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Displaying items by tag: senior curator

The Robert Rauschenberg Foundation has announced that a trio of high-powered galleries will now represent the estate of the artist worldwide: The Pace Gallery, which has branches in New York, London, Hong Kong, and Beijing; Gallery Thaddeus Ropac, which is situated in Salzburg and Paris, and Galeria Luisa Strina, which is located in the teeming metropolis of Sao Paulo. The news is a shake-up on the gallery circuit since Rauschenberg’s estate has been represented by Gagosian Gallery since the artist’s death in 2008.

In a statement, David White, the Foundation’s senior curator, who had a 30-year working relationship with Rauschenberg, stated: “It was always invigorating to embark on new adventures with Bob and his art.

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Dan Byers is leaving as curator of modern and contemporary art at the Carnegie Museum of Art to join the Institute of Contemporary Art/Boston as senior curator.

Mr. Byers co-curated the 2013 Carnegie International and organized “Ragnar Kjartansson: Song,” which was on view at the ICA in Boston from December 2012 to April 2013.

He led the department of contemporary and modern art at the Carnegie beginning in 2009, and was appointed the Richard Armstrong Curator of Modern and Contemporary Art in 2012.

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The National Gallery of Art (NGA) is planning a major exhibition about the shifting relationship between America’s self-taught artists and its mainstream Modern and contemporary art. The show is being organized by the leading curator and scholar, Lynne Cooke, who in August became the national gallery’s senior curator of special projects in Modern art. She was the Andrew W. Mellon professor at the gallery’s Center for Advanced Study in the Visual Arts (2012-14), which provided the opportunity to undertake the in-depth research for the exhibition and accompanying publication.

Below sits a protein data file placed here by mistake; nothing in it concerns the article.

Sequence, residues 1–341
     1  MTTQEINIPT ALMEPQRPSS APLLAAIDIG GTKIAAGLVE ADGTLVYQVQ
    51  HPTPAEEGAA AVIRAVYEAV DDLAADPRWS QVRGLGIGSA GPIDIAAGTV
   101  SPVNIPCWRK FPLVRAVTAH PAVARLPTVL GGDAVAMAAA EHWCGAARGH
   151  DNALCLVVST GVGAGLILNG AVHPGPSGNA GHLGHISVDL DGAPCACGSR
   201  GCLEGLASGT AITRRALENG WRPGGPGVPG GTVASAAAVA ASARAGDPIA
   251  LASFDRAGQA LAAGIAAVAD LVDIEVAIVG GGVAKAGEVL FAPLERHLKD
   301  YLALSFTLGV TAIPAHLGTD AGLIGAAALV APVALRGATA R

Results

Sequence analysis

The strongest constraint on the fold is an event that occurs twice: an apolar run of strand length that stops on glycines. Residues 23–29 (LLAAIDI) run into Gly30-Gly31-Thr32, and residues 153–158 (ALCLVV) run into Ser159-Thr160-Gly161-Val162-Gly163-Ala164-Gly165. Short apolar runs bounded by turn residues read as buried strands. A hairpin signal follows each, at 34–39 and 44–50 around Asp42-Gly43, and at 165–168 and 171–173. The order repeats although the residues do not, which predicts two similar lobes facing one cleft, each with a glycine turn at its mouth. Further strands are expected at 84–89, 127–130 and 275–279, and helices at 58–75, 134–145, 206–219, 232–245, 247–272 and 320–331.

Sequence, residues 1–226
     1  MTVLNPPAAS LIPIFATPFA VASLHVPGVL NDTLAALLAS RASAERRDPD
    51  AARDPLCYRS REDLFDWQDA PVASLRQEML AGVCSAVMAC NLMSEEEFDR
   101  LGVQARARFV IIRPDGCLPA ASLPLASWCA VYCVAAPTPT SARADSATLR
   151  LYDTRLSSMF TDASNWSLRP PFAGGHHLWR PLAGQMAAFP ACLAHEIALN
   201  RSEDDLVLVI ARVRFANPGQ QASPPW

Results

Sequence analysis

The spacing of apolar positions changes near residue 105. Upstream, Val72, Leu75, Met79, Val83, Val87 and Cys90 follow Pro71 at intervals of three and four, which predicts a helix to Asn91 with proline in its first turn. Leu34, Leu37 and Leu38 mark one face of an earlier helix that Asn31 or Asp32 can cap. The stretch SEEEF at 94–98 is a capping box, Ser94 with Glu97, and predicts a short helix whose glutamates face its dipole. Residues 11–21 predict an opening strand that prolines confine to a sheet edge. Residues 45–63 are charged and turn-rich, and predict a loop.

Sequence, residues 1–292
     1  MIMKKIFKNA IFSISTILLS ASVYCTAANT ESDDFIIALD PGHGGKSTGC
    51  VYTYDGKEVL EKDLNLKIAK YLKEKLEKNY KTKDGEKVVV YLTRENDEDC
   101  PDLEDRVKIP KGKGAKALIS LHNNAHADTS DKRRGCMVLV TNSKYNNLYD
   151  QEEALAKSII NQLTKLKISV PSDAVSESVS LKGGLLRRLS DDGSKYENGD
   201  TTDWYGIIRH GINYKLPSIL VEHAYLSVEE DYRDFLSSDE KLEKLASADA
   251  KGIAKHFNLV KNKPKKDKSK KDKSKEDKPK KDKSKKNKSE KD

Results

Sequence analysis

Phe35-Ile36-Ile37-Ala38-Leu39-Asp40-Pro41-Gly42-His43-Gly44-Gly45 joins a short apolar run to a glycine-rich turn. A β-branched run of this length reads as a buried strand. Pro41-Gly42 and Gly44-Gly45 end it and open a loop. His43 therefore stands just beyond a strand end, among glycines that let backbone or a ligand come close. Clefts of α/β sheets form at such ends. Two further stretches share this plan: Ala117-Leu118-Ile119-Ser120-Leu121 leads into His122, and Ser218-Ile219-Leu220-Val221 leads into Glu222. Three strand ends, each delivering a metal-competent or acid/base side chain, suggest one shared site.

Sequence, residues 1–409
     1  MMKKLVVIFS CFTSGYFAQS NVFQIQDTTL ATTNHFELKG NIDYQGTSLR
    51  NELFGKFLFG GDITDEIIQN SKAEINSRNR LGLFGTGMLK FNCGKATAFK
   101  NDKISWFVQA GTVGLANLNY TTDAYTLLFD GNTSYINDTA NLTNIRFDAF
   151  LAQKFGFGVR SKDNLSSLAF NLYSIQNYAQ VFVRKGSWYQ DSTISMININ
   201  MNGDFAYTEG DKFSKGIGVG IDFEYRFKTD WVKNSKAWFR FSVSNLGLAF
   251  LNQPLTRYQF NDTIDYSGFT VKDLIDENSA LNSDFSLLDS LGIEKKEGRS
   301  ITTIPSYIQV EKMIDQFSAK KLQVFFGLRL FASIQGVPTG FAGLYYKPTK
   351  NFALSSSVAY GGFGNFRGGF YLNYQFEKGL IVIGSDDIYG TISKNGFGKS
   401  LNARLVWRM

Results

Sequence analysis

“It is not a survey,” she tells The Art Newspaper, “but it does embrace almost a century.” 

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Is it a genuine Rembrandt or isn’t it?

Clark Art Institute founder Robert Sterling Clark bought "Portrait of a Man Reading by Candlelight" in 1923 as the real thing, but art scholars, citing stylistic doubts decades later, downgraded it to one done by a student or follower.

Art scholarship is an evolving field, however, and experts often disagree, said the Clark’s senior curator, Richard Rand, in an interview this week.

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Filling vacancies in two of the Getty Museum's most important jobs, museum director Timothy Potts has picked Jeffrey Spier, an American scholar with whom he's had a long professional connection, as its new senior curator of antiquities — the top post at the Getty Villa in Pacific Palisades — and an Italian museum director, Davide Gasparotto, as senior curator of paintings based at the Getty Center in Brentwood.

Gasparotto has been director of the Galleria Estense museum in Modena, Italy, for the last two years, and spent 12 years as a curator and art historian at the National Gallery of Parma.